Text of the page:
Some Other Examples and The Unintended Consequences
When I first started studying economics in 1990, the hot topic was “transition economics” which was the study of how centrally-planned economies under Communist regimes could transition to market-based economies under democracies and the rule of law.
One of the first things a young American like myself had to learn is that when prices aren’t free to adjust, we still need a way to think about how the market functions and clears. And it turns out that one way is to consider the “true price” of something the total amount you have to pay plus the amount of time you must devote to obtaining it.
That is, for the consumer, the time spent waiting in line is part of the price you pay for something. But unlike other prices which you pay to someone, no one benefits from your wait. It’s just a loss. You stand it line for 30 minutes but that’s it. So, the official price is kept low by law but the true price rises. A longer line is a higher price. A shorter line, a lower price.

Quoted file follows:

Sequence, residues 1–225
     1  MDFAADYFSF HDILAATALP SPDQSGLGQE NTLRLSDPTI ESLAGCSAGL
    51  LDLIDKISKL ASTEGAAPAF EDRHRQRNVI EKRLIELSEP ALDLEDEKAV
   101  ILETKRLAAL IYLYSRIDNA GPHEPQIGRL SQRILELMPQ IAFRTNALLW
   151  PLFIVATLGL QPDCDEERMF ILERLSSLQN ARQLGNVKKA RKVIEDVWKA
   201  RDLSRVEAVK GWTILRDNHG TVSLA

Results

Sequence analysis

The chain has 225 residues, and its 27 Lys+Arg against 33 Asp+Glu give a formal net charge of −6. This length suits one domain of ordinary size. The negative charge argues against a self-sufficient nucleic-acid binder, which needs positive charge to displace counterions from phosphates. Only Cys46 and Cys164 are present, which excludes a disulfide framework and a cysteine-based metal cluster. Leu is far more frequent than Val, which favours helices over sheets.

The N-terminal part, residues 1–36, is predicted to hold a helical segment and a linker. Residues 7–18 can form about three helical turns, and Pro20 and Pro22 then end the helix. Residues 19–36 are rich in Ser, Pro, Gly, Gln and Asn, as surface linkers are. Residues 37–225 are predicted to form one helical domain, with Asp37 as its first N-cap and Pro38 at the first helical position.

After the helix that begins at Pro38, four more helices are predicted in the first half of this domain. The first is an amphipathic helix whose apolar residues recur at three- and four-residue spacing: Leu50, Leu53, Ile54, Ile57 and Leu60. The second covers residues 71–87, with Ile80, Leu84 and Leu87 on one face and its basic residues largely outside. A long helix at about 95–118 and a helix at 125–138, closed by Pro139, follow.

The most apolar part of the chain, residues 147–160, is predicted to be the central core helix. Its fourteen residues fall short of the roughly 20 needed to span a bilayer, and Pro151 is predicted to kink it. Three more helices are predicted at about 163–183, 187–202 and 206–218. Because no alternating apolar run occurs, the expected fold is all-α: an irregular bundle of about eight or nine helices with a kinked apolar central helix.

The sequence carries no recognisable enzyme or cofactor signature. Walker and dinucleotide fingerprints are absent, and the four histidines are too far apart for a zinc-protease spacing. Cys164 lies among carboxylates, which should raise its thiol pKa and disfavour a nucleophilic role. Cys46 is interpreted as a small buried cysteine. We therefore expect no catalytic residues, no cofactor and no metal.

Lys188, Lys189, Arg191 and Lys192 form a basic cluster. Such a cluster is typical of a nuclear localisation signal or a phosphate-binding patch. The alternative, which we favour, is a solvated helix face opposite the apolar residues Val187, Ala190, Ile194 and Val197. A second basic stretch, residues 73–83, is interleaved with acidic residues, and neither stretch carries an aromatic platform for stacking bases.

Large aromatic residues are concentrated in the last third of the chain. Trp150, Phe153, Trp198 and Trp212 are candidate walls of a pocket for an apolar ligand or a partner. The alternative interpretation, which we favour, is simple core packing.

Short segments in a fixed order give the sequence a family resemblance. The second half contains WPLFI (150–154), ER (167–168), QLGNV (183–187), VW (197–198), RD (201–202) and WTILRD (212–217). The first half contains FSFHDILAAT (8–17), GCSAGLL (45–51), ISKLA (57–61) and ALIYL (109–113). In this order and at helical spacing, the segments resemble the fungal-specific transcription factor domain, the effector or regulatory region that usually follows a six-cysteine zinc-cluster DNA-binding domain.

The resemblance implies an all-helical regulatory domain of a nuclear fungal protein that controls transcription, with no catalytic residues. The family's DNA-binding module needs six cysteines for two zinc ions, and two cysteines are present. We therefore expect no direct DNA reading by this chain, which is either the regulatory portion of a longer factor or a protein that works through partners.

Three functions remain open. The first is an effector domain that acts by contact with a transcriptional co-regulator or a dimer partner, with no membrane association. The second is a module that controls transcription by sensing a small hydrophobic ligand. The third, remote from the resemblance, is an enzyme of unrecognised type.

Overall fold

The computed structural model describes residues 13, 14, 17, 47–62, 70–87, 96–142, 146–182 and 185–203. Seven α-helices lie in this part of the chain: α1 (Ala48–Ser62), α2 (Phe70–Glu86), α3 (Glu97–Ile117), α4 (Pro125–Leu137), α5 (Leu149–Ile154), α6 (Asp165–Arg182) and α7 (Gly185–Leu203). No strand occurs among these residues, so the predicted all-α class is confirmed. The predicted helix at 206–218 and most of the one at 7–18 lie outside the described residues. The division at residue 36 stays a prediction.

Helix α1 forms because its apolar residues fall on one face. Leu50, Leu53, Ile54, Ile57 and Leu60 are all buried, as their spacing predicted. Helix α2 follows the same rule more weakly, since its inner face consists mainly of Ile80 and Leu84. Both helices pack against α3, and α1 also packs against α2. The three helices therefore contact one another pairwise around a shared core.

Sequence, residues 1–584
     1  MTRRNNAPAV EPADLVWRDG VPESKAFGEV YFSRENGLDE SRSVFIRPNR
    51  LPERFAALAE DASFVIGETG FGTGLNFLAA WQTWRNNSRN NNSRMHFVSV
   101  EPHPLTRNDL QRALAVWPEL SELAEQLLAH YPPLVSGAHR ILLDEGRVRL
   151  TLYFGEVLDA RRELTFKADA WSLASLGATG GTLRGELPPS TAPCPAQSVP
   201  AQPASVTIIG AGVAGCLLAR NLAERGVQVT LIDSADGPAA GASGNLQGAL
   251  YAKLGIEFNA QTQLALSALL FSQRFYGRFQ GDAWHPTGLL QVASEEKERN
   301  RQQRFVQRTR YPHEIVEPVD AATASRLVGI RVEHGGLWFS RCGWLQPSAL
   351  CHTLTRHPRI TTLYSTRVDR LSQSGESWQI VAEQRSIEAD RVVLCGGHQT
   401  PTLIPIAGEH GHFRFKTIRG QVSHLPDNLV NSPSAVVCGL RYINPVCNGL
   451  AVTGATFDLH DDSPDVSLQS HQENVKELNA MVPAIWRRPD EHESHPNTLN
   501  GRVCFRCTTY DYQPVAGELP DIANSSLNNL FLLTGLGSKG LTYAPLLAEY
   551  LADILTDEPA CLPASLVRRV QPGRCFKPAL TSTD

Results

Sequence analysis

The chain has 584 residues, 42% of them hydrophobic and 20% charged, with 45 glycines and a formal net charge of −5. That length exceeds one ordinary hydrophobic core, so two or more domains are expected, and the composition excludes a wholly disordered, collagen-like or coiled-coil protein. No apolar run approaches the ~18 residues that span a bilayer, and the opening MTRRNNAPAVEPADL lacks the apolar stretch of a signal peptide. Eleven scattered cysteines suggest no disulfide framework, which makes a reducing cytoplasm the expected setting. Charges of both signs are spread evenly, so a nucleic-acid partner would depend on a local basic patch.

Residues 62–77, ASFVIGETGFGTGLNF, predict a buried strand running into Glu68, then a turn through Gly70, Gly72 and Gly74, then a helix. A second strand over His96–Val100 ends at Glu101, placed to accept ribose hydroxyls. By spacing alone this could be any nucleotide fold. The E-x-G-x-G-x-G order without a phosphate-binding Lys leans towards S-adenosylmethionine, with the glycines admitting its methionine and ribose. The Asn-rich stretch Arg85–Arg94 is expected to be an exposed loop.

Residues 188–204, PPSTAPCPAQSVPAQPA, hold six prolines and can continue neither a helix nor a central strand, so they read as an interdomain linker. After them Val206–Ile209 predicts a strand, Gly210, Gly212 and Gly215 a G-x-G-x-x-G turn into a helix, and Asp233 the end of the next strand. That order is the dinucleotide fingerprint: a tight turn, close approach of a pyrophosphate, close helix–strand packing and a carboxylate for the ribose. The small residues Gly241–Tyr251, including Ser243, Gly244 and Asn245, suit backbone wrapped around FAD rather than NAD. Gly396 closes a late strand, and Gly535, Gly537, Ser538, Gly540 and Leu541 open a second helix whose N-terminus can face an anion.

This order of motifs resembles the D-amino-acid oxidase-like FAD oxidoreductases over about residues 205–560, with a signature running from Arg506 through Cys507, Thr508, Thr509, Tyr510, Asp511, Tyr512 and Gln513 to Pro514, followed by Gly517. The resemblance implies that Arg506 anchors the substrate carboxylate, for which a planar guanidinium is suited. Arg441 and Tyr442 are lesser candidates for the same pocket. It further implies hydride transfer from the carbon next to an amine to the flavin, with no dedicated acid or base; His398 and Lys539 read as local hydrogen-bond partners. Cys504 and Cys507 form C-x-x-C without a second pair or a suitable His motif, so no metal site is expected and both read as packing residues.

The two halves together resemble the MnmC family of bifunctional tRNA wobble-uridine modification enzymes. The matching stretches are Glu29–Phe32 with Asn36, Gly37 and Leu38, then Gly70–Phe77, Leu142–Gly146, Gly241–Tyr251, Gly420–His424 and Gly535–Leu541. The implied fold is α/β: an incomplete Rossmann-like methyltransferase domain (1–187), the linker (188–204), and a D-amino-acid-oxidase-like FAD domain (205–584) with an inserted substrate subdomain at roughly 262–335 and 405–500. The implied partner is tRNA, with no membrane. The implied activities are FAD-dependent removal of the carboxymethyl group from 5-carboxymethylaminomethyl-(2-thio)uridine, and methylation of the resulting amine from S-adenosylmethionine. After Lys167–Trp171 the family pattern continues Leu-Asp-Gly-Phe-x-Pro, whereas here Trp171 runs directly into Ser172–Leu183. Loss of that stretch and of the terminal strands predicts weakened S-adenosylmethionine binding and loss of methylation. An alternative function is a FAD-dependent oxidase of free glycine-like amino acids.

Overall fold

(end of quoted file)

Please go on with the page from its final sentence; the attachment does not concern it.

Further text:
A second thing you have to learn is that, without prices to adjust officially, the door to discrimination and corruption is thrown wide open.
Consider living somewhere without market prices adjusting. There are shortages of popular items and surpluses of unpopular items. If you know the local shop owner, you can skip the line and also always be sure to get the good you want.
The result is eventually not just an innocent network of connections that you have to develop but also generally massive corruption where connected people – maybe the police or the local mayor’s family or whomever – get things easily while the rest of humanity suffers worse shortages and longer lines.
Additionally, racism, sexism and other forms of discrimination are free to run rampant. Maybe the shop owner allows friends and family to skip the line. Also, maybe they only let people of their same ethnic or religious background get ahead in line or always “mysteriously” run out completely before certain people can buy any food.
Under Soviet Communism where this sort of system was the norm, people developed other systems. First of all your family made connections with the right families to get the right supplies. Also, a system of barter emerged where you got stuff from personal connections that are valuable to others, then traded those things in order to get stuff more valuable to you.